As calm returned to Har HaBayis, Israeli Prime Minister Binyamin Netanyahu defended on Sunday his government’s decision to remove recently installed security devices that had inflamed Muslim anger.
Netanyahu told the weekly Cabinet meeting that the controversial decision, denounced by politicians on the right as a dangerous capitulation to Palestinian violence and unpopular according to polls, was difficult but necessary.
“I understand the feelings, and I know that the decision we made is not an easy one, but as Prime Minister of Israel, as one who bears responsibility for Israel’s security, I have to make the decisions with composure and consider all the factors. I do this from a perspective over the entire map — a broad view of the challenges and threats facing us, some of which are not known to the public, and naturally I cannot elaborate about them.”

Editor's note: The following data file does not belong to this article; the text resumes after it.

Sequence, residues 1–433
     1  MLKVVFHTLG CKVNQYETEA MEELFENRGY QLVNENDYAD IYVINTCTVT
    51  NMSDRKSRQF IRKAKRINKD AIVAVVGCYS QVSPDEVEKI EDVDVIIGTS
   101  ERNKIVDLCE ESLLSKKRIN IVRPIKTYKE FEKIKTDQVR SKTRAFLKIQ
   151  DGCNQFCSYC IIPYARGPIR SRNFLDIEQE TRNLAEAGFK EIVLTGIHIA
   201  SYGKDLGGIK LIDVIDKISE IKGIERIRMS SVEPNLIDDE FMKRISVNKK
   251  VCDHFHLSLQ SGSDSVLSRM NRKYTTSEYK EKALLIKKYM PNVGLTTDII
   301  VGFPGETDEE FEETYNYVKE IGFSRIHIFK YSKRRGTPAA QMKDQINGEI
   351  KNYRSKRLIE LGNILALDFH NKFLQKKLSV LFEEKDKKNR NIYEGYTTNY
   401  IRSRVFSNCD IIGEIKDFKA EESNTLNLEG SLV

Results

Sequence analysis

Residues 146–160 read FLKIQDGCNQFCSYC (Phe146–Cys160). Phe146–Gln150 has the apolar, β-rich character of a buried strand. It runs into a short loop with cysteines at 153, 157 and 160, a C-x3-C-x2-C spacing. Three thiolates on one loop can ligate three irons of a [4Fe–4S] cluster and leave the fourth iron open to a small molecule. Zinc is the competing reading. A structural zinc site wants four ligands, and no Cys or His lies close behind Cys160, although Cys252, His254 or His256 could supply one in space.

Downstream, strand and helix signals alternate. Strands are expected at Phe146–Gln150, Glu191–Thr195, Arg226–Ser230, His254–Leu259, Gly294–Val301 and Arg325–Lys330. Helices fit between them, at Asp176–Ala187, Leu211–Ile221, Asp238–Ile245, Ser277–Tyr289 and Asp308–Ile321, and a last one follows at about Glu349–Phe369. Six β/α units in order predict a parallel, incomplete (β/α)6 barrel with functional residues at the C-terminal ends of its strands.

He added that he has “ordered an increase in the security forces at Har HaBayis and in the Old City, in order to prevent terror attacks and rioting and also to act firmly against lawbreakers.” The prime minister thanked police, soldiers and the Shin Bet for their work under extremely difficult conditions.
Meanwhile, a senior Palestinian official was quoted by The Times of Israel saying that security coordination between Israel and the Palestinian Authority will gradually return to normal, provided that Muslim access to Har HaBayis remains unrestricted.
In fact, disruption to security cooperation may have been overestimated. A Fatah spokesman confirmed a report that the PA continued arresting Hamas members even after Mahmoud Abbas announced suspension of working with Israel.
The PA’s head of preventative security in Yehudah and Shomron, Ziyad Hab al-Rih, told the Times that Hamas operatives were planning attacks that they hoped would escalate tensions between Israel and Palestinians.